6. Hello there, I have one gifted to me and I decided to gave it an overhaul as it was in really bad condition (power cable cut, RCA cables cut and other stuff). So far I managed to fix the auto return mechanism and soldered new power cable as well as RCA cable. Got new belt and new stylus Phanstiehl 629-DE (temporary) until I decide which cartridge to install (Grado G1 with Grado Green or Grado G2 with 8MZ or entirely something else).

    Where I got stuck is which oil I have to use for spindle and what to use for motor? Can you share what oil you used? (I am located in Canada assuming the oil market is very similar)

    Also have a slight problem with speed as it is just a bit faster. I got one FRB-25 and an FRB-27.3 and it runs more accurate with FRB-25 belt. It is too fast with FRB-27.3 belt. Just also wondering if there is another belt I should try?

    Hope to get some help as it is my first time doing something like this.

    You did excellent job there!

    Greetings from Canada!

    1. Hi Rado, thanks for commenting and glad you are enjoying the site. I don’t have a 2055 in front of me which makes it harder, but from memory, these have a grease bearing. I use special synthetic oils and greases, if it is a grease bearing, you need to use a thin, low friction grease, preferably PTFE based. For the motor, a lightweight machine oil works well, synthetic is nice. In terms of belts, I stock a wide range of sizes specced by belt size parameters, not retail parts with the part numbers you use here, so I cannot help with that. I suggest you buy a belt from a reputable source though (ie not eBay!) that is specified as being correct for the deck. It’s most important that the belt is not too tight.

  7. Charles Runyon

    Great article! I bought one of these beauties new! I still have it stowed away however there is a problem with the spindle bearing. It is worn to the point that the platter wobbles and actually drags on the edge. I was wondering if you have any idea where I might look for a replacement. I miss using this beast!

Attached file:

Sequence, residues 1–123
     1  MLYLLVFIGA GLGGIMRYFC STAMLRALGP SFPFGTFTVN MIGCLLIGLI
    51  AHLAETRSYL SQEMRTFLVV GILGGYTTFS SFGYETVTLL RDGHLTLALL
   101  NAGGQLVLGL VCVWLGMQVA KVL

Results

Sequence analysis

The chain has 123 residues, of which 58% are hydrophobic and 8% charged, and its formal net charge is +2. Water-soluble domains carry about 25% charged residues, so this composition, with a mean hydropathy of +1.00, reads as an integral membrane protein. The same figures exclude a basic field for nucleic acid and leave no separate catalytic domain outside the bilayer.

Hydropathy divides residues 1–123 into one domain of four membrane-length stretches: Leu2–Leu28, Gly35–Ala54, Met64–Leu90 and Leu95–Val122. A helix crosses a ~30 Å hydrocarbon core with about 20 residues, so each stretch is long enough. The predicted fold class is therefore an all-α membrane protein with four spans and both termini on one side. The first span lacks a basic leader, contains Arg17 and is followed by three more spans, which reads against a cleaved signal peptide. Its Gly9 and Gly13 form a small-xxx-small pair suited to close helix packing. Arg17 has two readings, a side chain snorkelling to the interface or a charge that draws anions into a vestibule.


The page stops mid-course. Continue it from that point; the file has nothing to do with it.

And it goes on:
1. Hi Charles, no replacements for spindle bearings, though it is very unusual to find that level of wear. I’d need to see what’s going on in there but bearings can be refurbished or another donor deck may be used for parts.

  8. Hi – I have a Kenwood KD-2000 that I’ve just inherited. The innards aren’t remarkably different. One question – the belt pulley motor – does it get oiled, and if so, with what? When I run it with the belt off it’s nearly silent, but when I have the belt on the capstan, it does have a low level mechanical hum, that feels louder than it should be, I think – and i’m wondering if it requires lubrication in that motor? Thanks!

    1. Hi Bill, yes these and other motors should be lubricated periodically using a light mineral or synthetic machine oil. Many of these older decks, several Kenwoods in particular, suffer from degrading and perished motor suspension mounts resulting in excessive mechanical noise in the form of hum coupled through the chassis. I’ve developed a long-lasting replacement suspension for most of these machines but need the deck here to apply this fix.

  9. Hi Mike! Great article! I recently completed a resto of one of these machines, equipped it with a Nagaoka MP-110 cartridge and the results are fantastic. One problem, It runs about 1.5% too fast when compared to a cd. The belt is new and specified for the machine. I had to fashion motor mounts and the motor sits true but the speed thing is bothering me. Any insights?? Thanks!

    1. Hi David, glad you enjoyed the article! This is quite a complex topic and there are actually various reasons you might see a discrepancy between tracks played back on CD and your deck. The first thing one must do is use a reference method that purely measures the speed of your turntable rather than comparing it to another source with unknown speed accuracy. CDs and records are often mastered from different sources and comparing them doesn’t necessarily provide the right answer. A quality strobe disc or test record with test tones is the best way to go, that way we measure the speed of the deck with respect to a known reference. Once that’s done and we know for certain the deck is fast or slow, we can then look for the causes. These include belt thickness and diameter which are often incorrect, despite what a seller might say and various other various motor issues relating to the state of service, the drive pulley itself and so on. The spindle bearing should also be serviced with the correct lubricant.